Lookup NU author(s): Dr Kay Mann,
Dr Laura Basterfield,
Dr Kathryn Parkinson,
Professor Ashley Adamson,
Professor Mark Pearce
This is the authors' accepted manuscript of an article that has been published in its final definitive form by Cambridge University Press, 2019.
For re-use rights please refer to the publisher's terms and conditions.
Birth weight and early growth have been associated with later blood pressure. However, not all studies consistently find a significant reduction in blood pressure with an increase in birth weight. In addition, the relative importance of birth weight and of other lifestyle and environmental factors is often overlooked and the association is rarely studied in adolescents. We investigated early life predictors, including birth weight, of adolescent blood pressure in the Gateshead Millennium Study (GMS). The GMS is a cohort of 1029 individuals born in 1999-2000 in Gateshead in Northern England. Throughout infancy and early childhood, detailed information was collected including birth weight and measures of height and weight. Assessments of 491 returning participants at age 12 years included measures of body mass and blood pressure. Linear regression and path analysis were used to determine predictors and their relative importance on blood pressure. Birth weight was not directly associated with blood pressure at age 12. However, after adjustment for contemporaneous BMI, an inverse association of standardised birth weight on systolic blood pressure was significant. The relative importance of birth weight on later systolic blood pressure was smaller than other contemporaneous body measures (height and BMI). There was no independent association of birth weight on blood pressure seen in this adolescent population. Contemporaneous body measures have an important role to play. Lifestyle factors that influence body mass or size, such as diet and physical activity, is where interventions directed at early prevention of hypertension should be targeted.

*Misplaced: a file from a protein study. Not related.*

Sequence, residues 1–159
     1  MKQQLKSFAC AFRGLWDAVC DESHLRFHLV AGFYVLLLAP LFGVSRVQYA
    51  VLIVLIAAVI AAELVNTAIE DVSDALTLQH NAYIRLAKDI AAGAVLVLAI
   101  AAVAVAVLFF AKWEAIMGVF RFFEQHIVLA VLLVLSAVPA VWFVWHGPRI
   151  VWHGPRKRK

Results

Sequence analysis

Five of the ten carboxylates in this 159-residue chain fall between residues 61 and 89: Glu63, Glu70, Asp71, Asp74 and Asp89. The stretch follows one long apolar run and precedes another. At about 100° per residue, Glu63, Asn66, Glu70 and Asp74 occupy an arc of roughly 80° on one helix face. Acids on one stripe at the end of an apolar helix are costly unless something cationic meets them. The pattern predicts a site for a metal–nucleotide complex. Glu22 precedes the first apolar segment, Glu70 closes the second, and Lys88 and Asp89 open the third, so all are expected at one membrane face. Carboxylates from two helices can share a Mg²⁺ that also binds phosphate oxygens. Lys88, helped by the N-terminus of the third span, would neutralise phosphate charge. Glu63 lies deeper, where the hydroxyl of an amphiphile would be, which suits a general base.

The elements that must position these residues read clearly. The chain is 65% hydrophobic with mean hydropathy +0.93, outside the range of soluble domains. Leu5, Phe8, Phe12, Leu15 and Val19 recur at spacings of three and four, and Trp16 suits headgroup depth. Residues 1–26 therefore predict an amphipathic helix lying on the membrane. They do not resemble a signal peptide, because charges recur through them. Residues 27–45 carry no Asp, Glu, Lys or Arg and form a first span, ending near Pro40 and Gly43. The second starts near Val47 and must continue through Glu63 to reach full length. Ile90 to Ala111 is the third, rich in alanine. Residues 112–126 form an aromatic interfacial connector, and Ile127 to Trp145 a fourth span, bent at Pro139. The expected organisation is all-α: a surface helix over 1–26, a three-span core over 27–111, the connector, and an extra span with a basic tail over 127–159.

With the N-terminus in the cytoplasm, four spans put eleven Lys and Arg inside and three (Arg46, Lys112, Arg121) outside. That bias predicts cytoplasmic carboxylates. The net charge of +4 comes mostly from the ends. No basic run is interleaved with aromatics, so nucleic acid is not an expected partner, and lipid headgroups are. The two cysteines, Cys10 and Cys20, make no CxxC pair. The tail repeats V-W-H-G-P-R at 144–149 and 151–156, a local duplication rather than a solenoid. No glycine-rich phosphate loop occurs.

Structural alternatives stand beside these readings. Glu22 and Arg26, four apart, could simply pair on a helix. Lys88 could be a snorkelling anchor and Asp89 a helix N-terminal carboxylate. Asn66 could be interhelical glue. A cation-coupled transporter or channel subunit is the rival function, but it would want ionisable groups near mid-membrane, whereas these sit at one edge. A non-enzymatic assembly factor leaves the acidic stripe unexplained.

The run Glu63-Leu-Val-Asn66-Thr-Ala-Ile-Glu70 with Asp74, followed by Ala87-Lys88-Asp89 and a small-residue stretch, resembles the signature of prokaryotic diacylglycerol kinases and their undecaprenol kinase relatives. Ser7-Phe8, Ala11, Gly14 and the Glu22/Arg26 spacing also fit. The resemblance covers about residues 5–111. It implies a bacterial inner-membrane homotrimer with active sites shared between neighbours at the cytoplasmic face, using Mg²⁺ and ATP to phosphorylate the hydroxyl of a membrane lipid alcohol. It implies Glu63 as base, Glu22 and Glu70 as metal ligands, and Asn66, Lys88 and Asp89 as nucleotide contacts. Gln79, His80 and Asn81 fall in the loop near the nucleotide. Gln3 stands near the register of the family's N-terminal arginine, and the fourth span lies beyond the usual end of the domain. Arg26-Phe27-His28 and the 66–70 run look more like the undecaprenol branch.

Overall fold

Author(s): Mann KD, Basterfield L, Wright C, Parkinson K, Reilly JK, Reilly JJ, Adamson AJ, Pearce MS
Publication type: Article
Publication status: Published
Journal: Journal of Developmental Origins of Health and Disease
Pages: epub ahead of print
Online publication date: 09/01/2019
Acceptance date: 06/12/2018
ISSN (print): 2040-1744
ISSN (electronic): 2040-1752
Publisher: Cambridge University Press
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